As I reflect on the people I have encountered while serving in the Canada Toronto Mission, one person stands out to me. He lived in Sudbury. There was a lot that was challenging in his life. He was a recovering drug addict; he was HIV positive; he had recently been diagnosed with a brain tumor. His life was surrounded by a lot of sadness and misery.
No matter how hard things were for him personally, he was always willing to help anyone. Because he was a street outreach worker, he was continually assisting the downtrodden, the homeless, or those struggling with addictions. He never questioned why someone was in need; instead, he simply tried his best to support everyone. To me, he was a perfect example of charity: impartial love.
In some ways, he reminded me of the following verses from the Parable of the Prodigal Son: “And when he came to himself, he said… I will arise and go to my father, and will say unto him, Father I have sinned against heaven, and before thee, And am no more worthy to be called thy son: make me as one of thy hired servants. And he arose, and came to his father. But when he was yet a great way off, his father saw him, and had compassion, and ran, and fell on his neck, and kissed him” (Luke 15:17-20).
Understanding the Principle of Repentance
When we started to teach him the gospel, the principle of repentance was difficult for him to grasp. Initially, he thought that repentance was to be avoided at all costs. In his mind, repenting was something negative that made a person feel miserable. He simply did not understand why anyone would want to repent.
As we continued to teach him, he began to understand that repentance is not something negative, but a positive part of God’s plan of happiness. It is sin that leads to unhappiness. As we repent, our guilt is swept away through the atoning grace of Jesus Christ.
Repentance leads to more happiness because we bring our thoughts, actions, beliefs, and behaviors to be in line with God’s will. By keeping God’s commandments, He blesses us with the peace that we will “always have his Spirit to be with [us]” (Doctrine & Covenants 20:77). The joy of having the constant companionship of the Holy Spirit is what makes repentance joyful.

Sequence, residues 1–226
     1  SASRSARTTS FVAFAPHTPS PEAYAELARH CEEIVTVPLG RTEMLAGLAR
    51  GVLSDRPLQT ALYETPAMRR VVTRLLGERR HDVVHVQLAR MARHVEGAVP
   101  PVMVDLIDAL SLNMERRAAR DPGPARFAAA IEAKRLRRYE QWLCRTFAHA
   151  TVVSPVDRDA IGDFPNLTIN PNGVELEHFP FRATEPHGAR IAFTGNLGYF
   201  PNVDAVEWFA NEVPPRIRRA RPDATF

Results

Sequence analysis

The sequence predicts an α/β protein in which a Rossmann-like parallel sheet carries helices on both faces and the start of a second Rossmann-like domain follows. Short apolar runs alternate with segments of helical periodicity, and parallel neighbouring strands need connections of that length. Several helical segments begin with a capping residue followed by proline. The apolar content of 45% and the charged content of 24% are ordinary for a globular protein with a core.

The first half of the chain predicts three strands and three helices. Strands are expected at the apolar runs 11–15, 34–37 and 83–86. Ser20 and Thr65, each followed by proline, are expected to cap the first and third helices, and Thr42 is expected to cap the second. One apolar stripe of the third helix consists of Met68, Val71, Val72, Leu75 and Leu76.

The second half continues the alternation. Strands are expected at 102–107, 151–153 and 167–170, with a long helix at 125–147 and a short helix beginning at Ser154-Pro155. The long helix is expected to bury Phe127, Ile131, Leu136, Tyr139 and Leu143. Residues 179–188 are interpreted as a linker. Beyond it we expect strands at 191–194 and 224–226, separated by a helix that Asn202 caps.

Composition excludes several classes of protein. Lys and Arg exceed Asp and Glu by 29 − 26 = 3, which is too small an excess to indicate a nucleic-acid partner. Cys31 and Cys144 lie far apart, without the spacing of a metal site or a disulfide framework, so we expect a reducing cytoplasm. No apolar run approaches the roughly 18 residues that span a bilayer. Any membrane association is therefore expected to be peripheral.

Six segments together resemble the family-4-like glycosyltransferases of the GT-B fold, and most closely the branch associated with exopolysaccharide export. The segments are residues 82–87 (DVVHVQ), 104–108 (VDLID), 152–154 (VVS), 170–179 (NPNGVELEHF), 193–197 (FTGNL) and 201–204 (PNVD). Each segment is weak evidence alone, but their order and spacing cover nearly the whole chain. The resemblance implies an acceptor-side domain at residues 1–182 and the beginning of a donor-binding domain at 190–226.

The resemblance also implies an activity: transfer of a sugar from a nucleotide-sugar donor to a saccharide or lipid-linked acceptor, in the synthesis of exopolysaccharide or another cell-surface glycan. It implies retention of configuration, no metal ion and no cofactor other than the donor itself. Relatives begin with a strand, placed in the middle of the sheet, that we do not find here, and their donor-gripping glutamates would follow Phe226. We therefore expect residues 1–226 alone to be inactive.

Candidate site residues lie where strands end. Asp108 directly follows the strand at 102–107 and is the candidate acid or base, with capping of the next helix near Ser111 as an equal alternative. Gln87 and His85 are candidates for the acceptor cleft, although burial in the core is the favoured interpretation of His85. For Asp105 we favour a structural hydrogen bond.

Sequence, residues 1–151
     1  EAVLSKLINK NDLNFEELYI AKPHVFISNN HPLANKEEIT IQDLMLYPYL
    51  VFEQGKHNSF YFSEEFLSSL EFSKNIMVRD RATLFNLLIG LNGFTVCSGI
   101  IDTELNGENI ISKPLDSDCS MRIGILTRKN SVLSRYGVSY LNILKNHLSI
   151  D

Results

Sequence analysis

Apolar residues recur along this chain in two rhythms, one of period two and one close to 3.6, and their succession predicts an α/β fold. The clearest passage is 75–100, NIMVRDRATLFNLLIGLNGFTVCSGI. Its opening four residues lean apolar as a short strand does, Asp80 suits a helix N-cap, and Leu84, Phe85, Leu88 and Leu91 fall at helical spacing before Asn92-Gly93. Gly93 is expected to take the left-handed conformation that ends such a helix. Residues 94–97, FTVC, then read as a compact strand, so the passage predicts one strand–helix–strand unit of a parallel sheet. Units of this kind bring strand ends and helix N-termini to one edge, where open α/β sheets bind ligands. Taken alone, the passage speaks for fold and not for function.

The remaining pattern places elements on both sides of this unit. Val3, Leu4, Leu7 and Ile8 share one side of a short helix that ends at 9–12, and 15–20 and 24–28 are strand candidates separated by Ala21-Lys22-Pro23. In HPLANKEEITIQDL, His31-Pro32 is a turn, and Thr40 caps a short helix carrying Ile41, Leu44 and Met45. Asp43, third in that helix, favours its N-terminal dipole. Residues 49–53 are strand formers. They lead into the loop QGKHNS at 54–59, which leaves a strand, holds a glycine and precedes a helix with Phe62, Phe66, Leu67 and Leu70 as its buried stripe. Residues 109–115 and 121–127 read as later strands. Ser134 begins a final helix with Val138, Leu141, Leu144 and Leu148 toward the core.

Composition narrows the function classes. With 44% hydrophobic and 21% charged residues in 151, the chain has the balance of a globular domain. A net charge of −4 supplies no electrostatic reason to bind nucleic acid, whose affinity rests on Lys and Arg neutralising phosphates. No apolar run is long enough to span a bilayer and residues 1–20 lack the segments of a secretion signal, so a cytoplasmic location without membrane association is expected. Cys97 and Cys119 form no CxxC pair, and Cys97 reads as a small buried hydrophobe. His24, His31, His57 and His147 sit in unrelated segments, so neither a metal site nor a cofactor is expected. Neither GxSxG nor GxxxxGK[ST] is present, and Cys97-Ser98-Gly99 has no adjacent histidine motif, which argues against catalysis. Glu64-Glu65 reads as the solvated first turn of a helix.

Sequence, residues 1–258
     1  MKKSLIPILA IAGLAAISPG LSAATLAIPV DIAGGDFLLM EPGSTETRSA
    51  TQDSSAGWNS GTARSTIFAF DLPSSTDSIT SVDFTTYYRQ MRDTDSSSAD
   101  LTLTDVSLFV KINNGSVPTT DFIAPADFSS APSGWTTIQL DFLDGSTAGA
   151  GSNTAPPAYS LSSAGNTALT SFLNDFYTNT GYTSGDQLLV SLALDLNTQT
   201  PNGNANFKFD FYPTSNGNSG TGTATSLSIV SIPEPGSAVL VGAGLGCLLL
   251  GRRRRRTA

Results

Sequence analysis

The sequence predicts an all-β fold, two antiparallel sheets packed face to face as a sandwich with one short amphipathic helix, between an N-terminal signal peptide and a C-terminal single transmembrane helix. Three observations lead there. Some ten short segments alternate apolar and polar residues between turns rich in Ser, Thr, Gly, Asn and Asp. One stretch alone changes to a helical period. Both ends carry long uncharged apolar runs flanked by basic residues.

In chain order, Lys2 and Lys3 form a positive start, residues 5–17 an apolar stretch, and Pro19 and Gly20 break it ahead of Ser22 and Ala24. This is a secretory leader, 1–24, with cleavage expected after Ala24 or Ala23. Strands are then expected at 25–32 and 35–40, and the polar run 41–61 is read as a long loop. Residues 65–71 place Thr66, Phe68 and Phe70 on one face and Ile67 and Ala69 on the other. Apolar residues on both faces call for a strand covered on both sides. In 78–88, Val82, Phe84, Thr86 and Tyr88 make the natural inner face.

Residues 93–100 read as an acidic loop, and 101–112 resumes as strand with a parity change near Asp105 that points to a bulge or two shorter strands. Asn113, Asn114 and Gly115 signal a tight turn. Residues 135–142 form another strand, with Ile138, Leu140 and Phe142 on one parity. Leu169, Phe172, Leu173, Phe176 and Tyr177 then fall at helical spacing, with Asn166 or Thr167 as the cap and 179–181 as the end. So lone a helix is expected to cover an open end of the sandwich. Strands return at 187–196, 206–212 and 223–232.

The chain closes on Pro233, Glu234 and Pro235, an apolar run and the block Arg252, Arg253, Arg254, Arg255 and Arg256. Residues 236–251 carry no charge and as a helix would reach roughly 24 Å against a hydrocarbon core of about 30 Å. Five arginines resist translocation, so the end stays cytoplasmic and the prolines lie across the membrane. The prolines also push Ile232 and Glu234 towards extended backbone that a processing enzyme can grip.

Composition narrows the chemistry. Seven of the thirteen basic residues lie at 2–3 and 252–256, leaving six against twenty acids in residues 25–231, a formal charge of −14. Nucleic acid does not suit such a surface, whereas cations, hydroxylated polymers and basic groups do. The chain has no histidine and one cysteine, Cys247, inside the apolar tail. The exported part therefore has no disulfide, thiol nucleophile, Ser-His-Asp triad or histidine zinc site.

In an October 2017 General Conference talk entitled “Repentance is Always Positive,” Elder Stephen W. Owen, the Young Men General President, taught: “We can try to change our behavior on our own, but only the Savior can remove our stains and lift our burdens, enabling us to pursue the path of obedience with confidence and strength. The joy of repentance is more than the joy of living a decent life. It’s the joy of forgiveness, of being clean again, and of drawing closer to God. Once you’ve experienced that joy, no lesser substitute will do” (Ensign, November, 2017).
These simple truths of the gospel touched his heart. He became excited to repent. That night, he prayed for forgiveness from his many faults. He received an answer that God loved him and wanted him to be better.
He still struggled with some of his temptations; however, he had such a desire to share the joy of repentance that he went out and started talking about it with all the people whom he was helping.
Being able to teach the importance and power of repentance was a testimony builder for both him and me. Repenting of our sins really does lead to joy.
This truth was clearly confirmed in a June 1829 revelation wherein the Prophet Joseph Smith proclaimed the following words of God: “Remember the worth of souls is great in the sight of God; for behold, the Lord your Redeemer suffered death in the flesh; wherefore he suffered the pain of all men, that all men might repent and come unto him. And he hath risen again from the dead, that he might bring all men unto him, on conditions of repentance. And how great is his joy in the soul that repenteth” (Doctrine and Covenants 18:10-13).